Saturday, September 22nd, 2018

The Trump
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Trump Approval

Trump Approval

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US Direction

The Zogby Poll®: Trump's job approval drops, but remains close to Obama's rating at the same point! More voters still trust Trump compared to Dems. with economy and security. More Millennials and Generation Z voters optimistic about the next four years.

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A new nationwide Zogby poll® of 878 likely voters in the U.S., conducted 6/04/18 -6/06/18 with a margin of error of +/-3.3%, shows Trump's job approval down slightly from our last poll in May, and slightly more voters trusting the President over democratic leaders when it comes to growing the economy and security. Since our May poll, democratic leaders have improved a few percentage points when it comes to voters trusting them to grow the economy and keep the country secure.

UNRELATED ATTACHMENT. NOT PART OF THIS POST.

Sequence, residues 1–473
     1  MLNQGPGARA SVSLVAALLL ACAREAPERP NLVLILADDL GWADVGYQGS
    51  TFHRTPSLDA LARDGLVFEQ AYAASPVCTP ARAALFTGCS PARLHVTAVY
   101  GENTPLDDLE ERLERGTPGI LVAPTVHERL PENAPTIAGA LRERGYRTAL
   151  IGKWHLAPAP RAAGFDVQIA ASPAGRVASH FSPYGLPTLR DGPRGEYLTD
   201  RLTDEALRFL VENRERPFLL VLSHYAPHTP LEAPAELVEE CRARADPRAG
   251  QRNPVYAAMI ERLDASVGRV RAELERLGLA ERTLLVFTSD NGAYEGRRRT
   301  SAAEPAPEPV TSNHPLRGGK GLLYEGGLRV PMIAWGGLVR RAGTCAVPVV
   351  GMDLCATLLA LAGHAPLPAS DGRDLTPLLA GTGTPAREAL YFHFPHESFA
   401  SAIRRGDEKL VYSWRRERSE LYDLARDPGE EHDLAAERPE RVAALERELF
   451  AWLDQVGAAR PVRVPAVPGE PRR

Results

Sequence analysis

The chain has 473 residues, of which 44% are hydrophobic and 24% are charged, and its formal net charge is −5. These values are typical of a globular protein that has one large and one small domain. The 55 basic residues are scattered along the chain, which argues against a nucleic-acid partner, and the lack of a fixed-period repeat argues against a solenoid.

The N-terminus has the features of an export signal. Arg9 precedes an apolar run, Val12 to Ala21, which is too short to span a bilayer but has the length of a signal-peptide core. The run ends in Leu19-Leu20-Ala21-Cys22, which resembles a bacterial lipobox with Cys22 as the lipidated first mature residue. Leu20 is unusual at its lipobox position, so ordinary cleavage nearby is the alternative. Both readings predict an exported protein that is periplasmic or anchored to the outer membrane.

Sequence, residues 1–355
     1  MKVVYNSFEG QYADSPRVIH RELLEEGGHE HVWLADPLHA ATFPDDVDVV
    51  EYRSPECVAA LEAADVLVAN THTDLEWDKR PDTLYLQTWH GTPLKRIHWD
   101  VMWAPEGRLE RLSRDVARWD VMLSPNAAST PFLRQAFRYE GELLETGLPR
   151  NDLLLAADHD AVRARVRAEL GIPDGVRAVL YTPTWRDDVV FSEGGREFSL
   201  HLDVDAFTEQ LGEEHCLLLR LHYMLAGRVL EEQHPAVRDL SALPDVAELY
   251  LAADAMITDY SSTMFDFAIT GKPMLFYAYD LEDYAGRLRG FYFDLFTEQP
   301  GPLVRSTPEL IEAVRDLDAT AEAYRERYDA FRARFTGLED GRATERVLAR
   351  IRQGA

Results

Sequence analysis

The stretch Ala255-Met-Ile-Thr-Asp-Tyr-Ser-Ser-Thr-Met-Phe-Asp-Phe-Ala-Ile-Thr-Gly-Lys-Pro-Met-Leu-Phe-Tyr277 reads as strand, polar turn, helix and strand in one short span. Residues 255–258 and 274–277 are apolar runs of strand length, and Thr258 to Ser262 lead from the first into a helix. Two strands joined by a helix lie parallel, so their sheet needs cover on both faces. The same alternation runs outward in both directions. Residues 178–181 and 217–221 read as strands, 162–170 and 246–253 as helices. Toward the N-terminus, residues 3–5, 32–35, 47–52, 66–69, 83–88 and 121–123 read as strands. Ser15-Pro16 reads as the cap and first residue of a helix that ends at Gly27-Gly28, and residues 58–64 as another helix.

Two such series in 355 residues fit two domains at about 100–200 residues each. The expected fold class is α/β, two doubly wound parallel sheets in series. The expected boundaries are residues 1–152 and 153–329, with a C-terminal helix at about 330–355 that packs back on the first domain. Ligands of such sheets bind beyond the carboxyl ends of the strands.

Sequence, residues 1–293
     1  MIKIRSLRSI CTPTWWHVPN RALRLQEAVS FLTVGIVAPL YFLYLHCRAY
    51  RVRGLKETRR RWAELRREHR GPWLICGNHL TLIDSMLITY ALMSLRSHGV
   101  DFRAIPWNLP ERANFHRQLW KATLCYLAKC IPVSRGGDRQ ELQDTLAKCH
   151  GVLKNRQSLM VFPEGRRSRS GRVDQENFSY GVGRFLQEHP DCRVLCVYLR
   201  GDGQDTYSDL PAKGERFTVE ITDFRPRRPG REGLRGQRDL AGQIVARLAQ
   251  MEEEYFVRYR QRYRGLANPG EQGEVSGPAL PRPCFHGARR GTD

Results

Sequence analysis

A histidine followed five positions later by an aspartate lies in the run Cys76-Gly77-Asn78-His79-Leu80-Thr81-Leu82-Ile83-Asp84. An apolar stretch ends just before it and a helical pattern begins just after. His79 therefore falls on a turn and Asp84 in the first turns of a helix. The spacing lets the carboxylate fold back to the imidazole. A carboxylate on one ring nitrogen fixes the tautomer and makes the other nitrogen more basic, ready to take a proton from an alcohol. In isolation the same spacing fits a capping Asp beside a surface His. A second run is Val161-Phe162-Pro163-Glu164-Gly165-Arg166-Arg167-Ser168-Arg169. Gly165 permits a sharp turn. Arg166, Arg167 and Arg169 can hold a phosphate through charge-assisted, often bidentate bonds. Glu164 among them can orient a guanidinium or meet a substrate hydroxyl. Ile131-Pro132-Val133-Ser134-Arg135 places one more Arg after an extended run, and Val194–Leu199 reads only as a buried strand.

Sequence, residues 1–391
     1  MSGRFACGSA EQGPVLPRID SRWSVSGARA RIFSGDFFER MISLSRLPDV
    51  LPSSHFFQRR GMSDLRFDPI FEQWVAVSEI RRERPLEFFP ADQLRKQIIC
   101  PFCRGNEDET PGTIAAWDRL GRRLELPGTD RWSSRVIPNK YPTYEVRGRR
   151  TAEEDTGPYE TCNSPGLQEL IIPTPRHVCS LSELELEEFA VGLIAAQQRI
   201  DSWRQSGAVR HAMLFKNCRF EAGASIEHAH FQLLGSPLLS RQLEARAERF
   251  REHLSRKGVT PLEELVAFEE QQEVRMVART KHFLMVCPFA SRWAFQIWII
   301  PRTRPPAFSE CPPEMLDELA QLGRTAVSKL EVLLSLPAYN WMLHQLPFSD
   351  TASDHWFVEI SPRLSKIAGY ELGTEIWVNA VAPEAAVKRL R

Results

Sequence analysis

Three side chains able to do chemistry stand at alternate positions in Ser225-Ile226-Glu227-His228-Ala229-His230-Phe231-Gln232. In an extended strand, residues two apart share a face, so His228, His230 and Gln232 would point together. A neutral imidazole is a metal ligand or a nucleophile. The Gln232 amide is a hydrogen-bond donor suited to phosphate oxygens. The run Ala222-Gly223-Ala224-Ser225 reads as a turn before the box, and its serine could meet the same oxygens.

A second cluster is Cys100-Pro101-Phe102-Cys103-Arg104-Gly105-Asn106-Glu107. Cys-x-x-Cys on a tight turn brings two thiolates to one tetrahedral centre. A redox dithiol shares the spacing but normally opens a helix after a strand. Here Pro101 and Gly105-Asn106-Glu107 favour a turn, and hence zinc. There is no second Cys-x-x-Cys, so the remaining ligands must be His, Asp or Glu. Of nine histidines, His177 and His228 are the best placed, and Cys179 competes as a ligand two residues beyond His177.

I. Trump's Job approval

Trump Job Approval June 4-6th, 2018 5/10/18 -5/12/18 2/27/18 -2/28/18
Strongly Approve 21% 22% 27%
Somewhat Approve 23% 24% 21%
Somewhat Disapprove 11% 15% 15%
Strongly Disapprove 41% 36% 35%
Not sure 4% 4% 3%

Our latest Zogby Analytics online nationwide survey of likely voters has the President's job approval numbers dropping slightly to 44% approve (strongly and somewhat approve combined) and 52% disapprove (strongly and somewhat disapprove combined), while 4% are not sure. When it came to the demographics and the president's job approval, there were no big surprises or movements: more men (47% approve/51% disapprove) approved of the president compared to fewer women (41% approve/53% disapprove).

President Trump's approval rating also continued to increase with the age of the voters. He still maintained decent numbers with younger voters: 40% of 18-29 year olds approved while 55% disapproved of his job as commander in chief. Among 30-49 year olds, 43% approved and 53% disapproved. Voters who were 50 and older were slightly more likely to approve of the president, which ranged from 45%-50% approval, while half of older voters (voters aged 50-64 and 65+) disapproved of President Trump.